“Where are we going to put the crib?” That was pretty much the second thing I said when I found out that I was expecting our fourth.
“Hmm,” said my husband, taking in our basement apartment at a glance. And in our apartment, this is not a figure of speech; you really can see the whole thing at a glance. “We have the space. All we have to do is get rid of the oven. And maybe the sink.”
“I hate to say this,” I said, and I really did hate to say it, “but it might be time to move.”
I hate moving. Some people have an aversion to heights, others to peanut products. I am fine with both of those things, but the thought of putting everything I own in the world into boxes and then taking everything I own back out of boxes makes me break out in hives. So when a short but fruitless search made us realize that the rental price of a three-bedroom apartment would cost as much as a mortgage, it occurred to us that it might actually pay to buy instead of continuing to rent. Plus, it increased the odds that we would never have to pack again. Win!
Except, did you know that the purchase of a house comes with this clause called a “down payment,” and down payments are super expensive, especially for kollel families? The houses that were in our price range were genuine horror shows, harboring the likes of cats and mold, and they needed major renovations just to be livable. This would not only add to the price, but having experienced the travails of renovations gone wrong secondhand from far too many friends, it was definitely something I wanted to avoid.
“So,” said my husband one evening as we sat at the table in our apartment, which seemed to be growing smaller as my pregnancy progressed, “in order to fit our criteria, the house needs to be move-in ready yet cheap. Two things that do not seem to go together.”
“Maybe we should sell the kids,” I suggested.
“If we sell the kids,” said my ever-logical husband, “then we won’t need to move.”
We decided to move and keep the kids. Then a friend of mine—who was in the same parshah baby-wise, and subsequently house-hunting-wise—told us about a house she had seen and nixed.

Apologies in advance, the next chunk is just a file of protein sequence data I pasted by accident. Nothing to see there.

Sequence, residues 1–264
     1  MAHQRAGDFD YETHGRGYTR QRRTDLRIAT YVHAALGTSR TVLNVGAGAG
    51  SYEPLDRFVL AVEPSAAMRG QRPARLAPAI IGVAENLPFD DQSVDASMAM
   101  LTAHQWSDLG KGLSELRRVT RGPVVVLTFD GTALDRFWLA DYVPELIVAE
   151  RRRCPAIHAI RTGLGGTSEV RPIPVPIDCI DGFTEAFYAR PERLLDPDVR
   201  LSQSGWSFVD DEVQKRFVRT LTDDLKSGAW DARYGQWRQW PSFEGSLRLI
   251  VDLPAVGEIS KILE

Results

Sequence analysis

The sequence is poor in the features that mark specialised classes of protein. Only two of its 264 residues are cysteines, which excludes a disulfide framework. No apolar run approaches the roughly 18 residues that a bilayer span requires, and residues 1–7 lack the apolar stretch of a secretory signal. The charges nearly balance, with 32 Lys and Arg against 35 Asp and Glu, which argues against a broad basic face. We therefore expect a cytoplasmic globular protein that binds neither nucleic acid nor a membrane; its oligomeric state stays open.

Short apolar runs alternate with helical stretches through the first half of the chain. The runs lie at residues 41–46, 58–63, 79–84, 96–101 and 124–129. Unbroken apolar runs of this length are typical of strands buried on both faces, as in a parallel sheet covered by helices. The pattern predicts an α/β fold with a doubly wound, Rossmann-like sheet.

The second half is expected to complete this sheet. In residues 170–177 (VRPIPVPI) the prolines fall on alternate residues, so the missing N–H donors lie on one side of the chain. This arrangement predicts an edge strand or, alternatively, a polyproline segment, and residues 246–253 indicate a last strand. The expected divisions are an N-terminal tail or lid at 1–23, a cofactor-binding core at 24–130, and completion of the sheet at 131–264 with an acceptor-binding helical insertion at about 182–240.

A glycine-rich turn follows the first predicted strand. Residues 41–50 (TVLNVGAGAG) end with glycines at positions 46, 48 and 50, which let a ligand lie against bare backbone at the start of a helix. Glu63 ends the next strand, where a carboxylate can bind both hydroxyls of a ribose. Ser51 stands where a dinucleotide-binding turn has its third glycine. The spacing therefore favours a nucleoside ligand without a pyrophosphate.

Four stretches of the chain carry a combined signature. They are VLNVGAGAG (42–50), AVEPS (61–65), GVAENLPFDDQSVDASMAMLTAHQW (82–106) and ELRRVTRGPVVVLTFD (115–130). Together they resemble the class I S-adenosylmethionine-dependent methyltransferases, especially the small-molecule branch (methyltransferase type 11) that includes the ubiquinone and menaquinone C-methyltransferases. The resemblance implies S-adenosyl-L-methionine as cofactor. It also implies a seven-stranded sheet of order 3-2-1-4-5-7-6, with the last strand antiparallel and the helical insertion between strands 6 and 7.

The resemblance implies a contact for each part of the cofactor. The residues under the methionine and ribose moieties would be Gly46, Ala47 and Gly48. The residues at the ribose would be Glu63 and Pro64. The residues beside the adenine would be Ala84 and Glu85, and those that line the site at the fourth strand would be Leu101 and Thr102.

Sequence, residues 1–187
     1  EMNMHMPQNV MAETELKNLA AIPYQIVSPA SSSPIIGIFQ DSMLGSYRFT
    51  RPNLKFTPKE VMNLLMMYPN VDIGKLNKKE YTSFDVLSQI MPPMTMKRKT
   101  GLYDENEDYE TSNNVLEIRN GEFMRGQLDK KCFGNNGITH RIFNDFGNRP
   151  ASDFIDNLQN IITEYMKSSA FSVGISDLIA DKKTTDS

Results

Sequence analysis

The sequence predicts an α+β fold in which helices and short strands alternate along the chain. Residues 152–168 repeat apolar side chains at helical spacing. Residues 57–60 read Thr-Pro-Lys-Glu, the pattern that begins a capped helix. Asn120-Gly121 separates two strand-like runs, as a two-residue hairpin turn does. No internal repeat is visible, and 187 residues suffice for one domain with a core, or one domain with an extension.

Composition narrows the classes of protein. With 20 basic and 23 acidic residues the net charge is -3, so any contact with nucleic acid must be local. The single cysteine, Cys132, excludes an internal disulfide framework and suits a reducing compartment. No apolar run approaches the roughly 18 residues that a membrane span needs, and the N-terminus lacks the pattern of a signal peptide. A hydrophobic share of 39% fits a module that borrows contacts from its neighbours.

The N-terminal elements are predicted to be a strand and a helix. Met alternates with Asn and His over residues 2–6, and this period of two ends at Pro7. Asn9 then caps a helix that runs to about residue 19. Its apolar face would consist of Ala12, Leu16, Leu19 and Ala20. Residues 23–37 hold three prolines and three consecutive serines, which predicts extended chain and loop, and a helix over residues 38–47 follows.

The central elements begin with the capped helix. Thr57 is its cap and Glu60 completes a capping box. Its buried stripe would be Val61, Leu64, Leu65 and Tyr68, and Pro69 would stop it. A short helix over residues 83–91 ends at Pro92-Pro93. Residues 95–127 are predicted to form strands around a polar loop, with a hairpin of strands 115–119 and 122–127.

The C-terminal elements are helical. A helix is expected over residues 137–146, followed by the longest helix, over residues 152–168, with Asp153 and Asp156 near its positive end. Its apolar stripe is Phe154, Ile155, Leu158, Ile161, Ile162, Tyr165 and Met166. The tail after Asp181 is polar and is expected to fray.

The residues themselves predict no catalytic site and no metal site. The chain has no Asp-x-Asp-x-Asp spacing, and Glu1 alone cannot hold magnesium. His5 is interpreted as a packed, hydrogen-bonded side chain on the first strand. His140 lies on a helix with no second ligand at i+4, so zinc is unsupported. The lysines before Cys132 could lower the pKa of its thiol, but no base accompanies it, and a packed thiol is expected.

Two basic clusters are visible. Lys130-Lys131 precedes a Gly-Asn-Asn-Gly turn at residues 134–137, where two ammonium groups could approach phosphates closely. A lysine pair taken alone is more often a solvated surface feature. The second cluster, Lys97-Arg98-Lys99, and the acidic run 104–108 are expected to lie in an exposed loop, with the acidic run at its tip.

The house was being sold as a short sale, and while I didn’t quite know what that was, I liked the word “short,” as in, it wouldn’t involve a long, drawn-out sale. The problem? It was in a neighborhood in Monsey far from the established community. In fact, there was not a single frum person for miles around.
We went to look at it anyway just to do our hishtadlus, and as soon as we walked through the front door, I nearly stumbled on a pile of…dirty laundry?
The house was a wreck. A serious mess, the likes of which I had never seen before, and as the mother of three kids under four, I know whereof I speak. The beds were unmade, the dirty laundry in front of the door was the first of many piles I stumbled across, the floor was coated in dirt, and there was dog food scattered all over the kitchen floor.
“This is like Roanoke,” I whispered to my husband, “that colonial town where everyone disappeared, leaving half-eaten food on their plates, except here it looks like the owners were in the middle of spring cleaning when something unnameable but terrifying came into the house. They fled and never came back.”
The realtor seemed almost embarrassed at the state of the house, rushing through the rooms so fast that we practically had to run after her to keep up.
“Do you realize,” my husband said a few minutes later as we circled back on the kitchen, “that this is actually a really nice house?”
“What?” I said, but then I took stock and realized that it was true. The house was a disaster, but the mess was only skin deep. Underneath the wreckage, the house was spacious and had recently been renovated; it looked like no expense had been spared, either.